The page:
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Cablegate: Iraq Not in a Time of Cholera

VZCZCXRO9417
RR RUEHBC RUEHDA RUEHDE RUEHIHL RUEHKUK
DE RUEHGB #2928 2541113
ZNR UUUUU ZZH
R 101113Z SEP 08
FM AMEMBASSY BAGHDAD
TO RUEHC/SECSTATE WASHDC 9346
INFO RUCNRAQ/IRAQ COLLECTIVE

UNCLAS BAGHDAD 002928

SIPDIS
SENSITIVE

E.O. 12958: N/A
TAGS: ECON SOCI KSCA IZ
SUBJECT: IRAQ NOT IN A TIME OF CHOLERA

Reference: 07 BAGHDAD 2899

This report is Sensitive But Unclassified (SBU), for official use
only, and not for dissemination outside USG channels or over the
internet.

1. (SBU) Summary: Iraq Ministry of Health (MoH) officials said
September 9 that there have been a total of 26 cases of cholera
reported in 2008; according to health officials, this is far below
the number of cases reported by this time last year and falls well
short of the threshold of an outbreak. Due to Iraq's poorly
designed and maintained water treatment and sewage systems, cholera
cases are not unusual, especially during the summer months. Iran is
presently experiencing a similar surge in cholera cases. In
coordination with the World Health Organization (WHO), the Embassy
Health Attache has made several offers of assistance to the MoH, all
of which have been declined. Informally, however, the Baghdad
Central Public Health Lab has accepted supplies provided by the U.S.
Naval Medical Research Unit and the US Centers for Disease Control
in Cairo, Egypt shipped via the WHO pouch. End summary.

--------------------------------------------- ---
IRAQ 2008 CHOLERA CASES FAR BELOW OUTBREAK LEVEL
--------------------------------------------- ---

2. (SBU) Iraq Ministry of Health (MoH) officials said on September 9
that a total of twenty-six cases of cholera located in six districts
across Iraq have been reported thus far in 2008. These include
three from Abu Ghraib, Baghdad, one from Amarah, Maysan (the only
confirmed fatality), twenty from Hashimiya and Jufr Al-Sakr, Babil,
and one from Al Amiryah, Baghdad. Embassy Health Attache and
Centers for Disease Control (CDC) Officer note that this volume of
cases, including the 20 cases in one district alone, falls far short
of the threshold of an outbreak. These numbers are also far smaller
than the number of cases reported in 2007 (reftel), with ten deaths
and over 1,600 cases reported by this time last year, most of which
occurred in the Kurdish region.

3. (SBU) Due to Iraq's poorly designed and maintained water
treatment and sewage systems, cholera bacteria from untreated human
waste can easily get into waterways or into groundwater used for
drinking water supplies. This leads to pockets of cholera cases.
Warm temperatures make it easier for the bacteria to survive in the
water system. Cholera is a regional problem, and media reports that
Iran is now also reporting numerous cases.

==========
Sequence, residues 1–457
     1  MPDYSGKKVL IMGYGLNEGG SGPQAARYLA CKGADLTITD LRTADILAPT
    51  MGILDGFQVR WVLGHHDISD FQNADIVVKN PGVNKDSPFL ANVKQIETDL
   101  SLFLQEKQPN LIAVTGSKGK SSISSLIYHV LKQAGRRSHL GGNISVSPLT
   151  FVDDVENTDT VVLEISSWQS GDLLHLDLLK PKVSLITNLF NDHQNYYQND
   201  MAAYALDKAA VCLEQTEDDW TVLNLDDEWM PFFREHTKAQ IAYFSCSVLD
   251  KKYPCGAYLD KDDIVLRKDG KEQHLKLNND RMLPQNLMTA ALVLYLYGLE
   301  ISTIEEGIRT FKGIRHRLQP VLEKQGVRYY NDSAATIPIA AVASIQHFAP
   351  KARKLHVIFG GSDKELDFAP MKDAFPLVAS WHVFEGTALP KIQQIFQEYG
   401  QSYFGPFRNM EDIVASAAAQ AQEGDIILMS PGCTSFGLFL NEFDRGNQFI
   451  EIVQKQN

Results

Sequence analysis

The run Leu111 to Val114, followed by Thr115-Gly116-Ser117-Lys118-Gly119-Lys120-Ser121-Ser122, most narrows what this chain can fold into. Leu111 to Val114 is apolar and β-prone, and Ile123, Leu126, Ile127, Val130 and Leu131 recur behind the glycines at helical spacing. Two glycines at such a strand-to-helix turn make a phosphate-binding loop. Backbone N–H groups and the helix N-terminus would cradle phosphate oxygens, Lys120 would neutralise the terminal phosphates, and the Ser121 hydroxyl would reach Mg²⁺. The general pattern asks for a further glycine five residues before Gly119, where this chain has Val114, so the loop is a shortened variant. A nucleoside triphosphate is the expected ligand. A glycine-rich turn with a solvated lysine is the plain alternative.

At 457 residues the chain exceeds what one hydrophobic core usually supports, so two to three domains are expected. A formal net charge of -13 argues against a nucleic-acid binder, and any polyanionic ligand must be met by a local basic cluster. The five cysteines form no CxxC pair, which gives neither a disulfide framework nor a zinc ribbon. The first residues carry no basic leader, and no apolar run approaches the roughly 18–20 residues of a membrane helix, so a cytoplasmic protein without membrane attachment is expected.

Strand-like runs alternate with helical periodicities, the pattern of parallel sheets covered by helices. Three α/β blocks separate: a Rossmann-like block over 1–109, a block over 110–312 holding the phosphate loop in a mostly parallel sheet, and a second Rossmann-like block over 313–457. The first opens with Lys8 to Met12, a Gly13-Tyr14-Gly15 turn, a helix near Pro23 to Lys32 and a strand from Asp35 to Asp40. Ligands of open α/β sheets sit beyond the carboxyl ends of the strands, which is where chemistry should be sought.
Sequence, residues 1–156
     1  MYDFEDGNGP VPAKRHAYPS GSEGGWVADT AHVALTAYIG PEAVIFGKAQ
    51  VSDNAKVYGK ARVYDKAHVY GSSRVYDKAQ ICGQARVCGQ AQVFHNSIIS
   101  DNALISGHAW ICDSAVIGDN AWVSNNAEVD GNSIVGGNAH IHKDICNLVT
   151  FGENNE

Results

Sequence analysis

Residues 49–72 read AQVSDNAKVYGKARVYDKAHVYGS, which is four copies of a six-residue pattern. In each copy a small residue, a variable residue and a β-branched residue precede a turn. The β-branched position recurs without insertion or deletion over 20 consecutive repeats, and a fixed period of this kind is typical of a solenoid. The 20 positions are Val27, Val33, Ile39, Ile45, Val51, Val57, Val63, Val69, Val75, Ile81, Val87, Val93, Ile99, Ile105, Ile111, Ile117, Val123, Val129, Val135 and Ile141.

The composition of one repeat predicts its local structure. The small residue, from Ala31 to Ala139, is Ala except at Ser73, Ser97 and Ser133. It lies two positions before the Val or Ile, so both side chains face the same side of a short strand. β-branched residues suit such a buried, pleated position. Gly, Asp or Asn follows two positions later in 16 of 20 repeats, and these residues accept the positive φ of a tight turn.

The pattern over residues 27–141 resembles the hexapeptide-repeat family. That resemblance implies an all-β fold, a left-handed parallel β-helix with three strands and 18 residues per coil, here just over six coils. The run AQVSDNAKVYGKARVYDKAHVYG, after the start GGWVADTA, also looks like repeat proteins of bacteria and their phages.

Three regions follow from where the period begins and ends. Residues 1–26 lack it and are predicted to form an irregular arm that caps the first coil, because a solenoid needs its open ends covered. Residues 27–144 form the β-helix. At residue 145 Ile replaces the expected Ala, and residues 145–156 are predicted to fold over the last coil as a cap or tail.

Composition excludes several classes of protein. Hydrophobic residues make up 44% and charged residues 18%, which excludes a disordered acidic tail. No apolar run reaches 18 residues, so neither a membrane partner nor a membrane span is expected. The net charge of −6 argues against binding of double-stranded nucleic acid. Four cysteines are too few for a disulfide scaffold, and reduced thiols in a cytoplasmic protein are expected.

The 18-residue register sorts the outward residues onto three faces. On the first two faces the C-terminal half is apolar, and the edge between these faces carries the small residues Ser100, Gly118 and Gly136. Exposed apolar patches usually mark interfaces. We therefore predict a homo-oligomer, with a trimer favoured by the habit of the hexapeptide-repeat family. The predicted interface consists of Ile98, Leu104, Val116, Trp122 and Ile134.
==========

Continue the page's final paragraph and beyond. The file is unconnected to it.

4. (SBU) While BBC reports of six cholera related deaths in Babil
have not yet been confirmed by the MoH or the Babil PRT, the Babil
Provincial Council has declared a state of emergency. Babil PRT
comments in a September 9 update that while tents have been set up
outside the Hillah and Hashimiyah hospitals in Babil, they have not
yet begun treating patients in those tents. These tents have been
set up in the past at this time of year as a preemptive measure in
case of a cholera outbreak. The Provincial Council has also
purchased 2,000 water containers with a large supply of chlorine
tablets for water treatment to distribute through a local NGO in the
two affected districts. Dr. Osama, Chairman of the Provincial
Council's Health Committee, made it clear to the PRT that he does
not consider the current situation a cholera epidemic, noting that
cholera is endemic in southern Iraq, especially this time of year.
--------------------------------------------
ASSISTANCE OFFICIALLY DECLINED, BUT SUPPLIES
ACCEPTED ANYWAY
--------------------------------------------

5. (SBU) In coordination with the World Health Organization, Embassy
Health Attache has made several formal offers of assistance to the
MoH, all of which have been declined. Informally, however, the
Baghdad Central Public Health Lab accepted assistance from the U.S.
Naval Medical Research Unit (NAMRU-3)and the US Centers for Disease
Control in Cairo, Egypt, including 200 Cary-Blair sampling tubes,
one bottle of Thiosulfate Citrate Bile Salts Sucrose agar powder, 50
API 20E test strips, 100 Oxidade tests, and Antisera for typing O1
Inaba, O1 Ogawa, and O139. These items were shipped to Baghdad last
week via the WHO pouch and are used in the testing of samples to
determine whether or not cholera bacteria are present.
CROCKER

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